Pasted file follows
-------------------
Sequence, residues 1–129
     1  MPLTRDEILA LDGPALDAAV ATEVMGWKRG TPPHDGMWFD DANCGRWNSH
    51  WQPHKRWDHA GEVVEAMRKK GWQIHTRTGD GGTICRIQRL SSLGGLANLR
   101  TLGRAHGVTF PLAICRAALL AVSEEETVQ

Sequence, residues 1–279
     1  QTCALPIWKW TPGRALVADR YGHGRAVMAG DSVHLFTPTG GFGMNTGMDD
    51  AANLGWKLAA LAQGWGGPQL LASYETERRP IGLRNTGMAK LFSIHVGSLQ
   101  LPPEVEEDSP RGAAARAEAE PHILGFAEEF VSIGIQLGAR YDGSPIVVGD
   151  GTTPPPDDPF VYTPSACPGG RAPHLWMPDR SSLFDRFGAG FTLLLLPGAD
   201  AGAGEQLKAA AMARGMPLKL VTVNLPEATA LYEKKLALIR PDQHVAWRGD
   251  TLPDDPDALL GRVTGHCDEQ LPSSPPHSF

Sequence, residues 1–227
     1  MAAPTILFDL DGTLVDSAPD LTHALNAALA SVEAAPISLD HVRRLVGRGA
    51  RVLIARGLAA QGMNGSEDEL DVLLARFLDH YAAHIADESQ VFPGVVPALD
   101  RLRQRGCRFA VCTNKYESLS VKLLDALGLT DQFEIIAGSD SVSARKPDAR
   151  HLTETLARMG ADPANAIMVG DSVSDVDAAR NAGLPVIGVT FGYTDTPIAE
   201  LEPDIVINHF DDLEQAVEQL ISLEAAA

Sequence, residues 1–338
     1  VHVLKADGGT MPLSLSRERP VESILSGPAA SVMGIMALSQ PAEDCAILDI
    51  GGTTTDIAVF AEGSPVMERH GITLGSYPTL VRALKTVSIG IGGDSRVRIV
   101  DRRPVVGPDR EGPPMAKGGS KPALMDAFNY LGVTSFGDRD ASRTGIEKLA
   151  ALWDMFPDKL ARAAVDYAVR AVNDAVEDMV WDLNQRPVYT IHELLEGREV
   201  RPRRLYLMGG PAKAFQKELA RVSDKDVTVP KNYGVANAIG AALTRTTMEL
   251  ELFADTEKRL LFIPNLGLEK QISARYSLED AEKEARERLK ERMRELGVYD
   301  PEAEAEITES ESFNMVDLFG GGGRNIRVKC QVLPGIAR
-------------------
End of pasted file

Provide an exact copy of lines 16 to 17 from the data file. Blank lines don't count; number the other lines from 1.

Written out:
   151  HLTETLARMG ADPANAIMVG DSVSDVDAAR NAGLPVIGVT FGYTDTPIAE
   201  LEPDIVINHF DDLEQAVEQL ISLEAAA